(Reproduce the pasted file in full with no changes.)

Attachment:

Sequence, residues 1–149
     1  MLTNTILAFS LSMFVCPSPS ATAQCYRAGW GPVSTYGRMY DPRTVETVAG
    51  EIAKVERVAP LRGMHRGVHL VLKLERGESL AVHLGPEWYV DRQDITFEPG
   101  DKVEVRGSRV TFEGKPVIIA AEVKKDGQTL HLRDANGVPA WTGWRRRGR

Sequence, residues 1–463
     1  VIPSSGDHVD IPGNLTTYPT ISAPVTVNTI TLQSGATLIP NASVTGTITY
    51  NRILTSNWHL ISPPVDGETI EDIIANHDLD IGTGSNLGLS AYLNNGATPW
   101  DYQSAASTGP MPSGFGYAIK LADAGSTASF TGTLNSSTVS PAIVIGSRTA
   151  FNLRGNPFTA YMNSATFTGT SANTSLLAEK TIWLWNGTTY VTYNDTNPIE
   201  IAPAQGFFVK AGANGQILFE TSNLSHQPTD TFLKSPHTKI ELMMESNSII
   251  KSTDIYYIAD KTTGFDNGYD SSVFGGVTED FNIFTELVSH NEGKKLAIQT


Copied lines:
Sequence, residues 1–149
     1  MLTNTILAFS LSMFVCPSPS ATAQCYRAGW GPVSTYGRMY DPRTVETVAG
    51  EIAKVERVAP LRGMHRGVHL VLKLERGESL AVHLGPEWYV DRQDITFEPG
   101  DKVEVRGSRV TFEGKPVIIA AEVKKDGQTL HLRDANGVPA WTGWRRRGR

Sequence, residues 1–463
     1  VIPSSGDHVD IPGNLTTYPT ISAPVTVNTI TLQSGATLIP NASVTGTITY
    51  NRILTSNWHL ISPPVDGETI EDIIANHDLD IGTGSNLGLS AYLNNGATPW
   101  DYQSAASTGP MPSGFGYAIK LADAGSTASF TGTLNSSTVS PAIVIGSRTA
   151  FNLRGNPFTA YMNSATFTGT SANTSLLAEK TIWLWNGTTY VTYNDTNPIE
   201  IAPAQGFFVK AGANGQILFE TSNLSHQPTD TFLKSPHTKI ELMMESNSII
   251  KSTDIYYIAD KTTGFDNGYD SSVFGGVTED FNIFTELVSH NEGKKLAIQT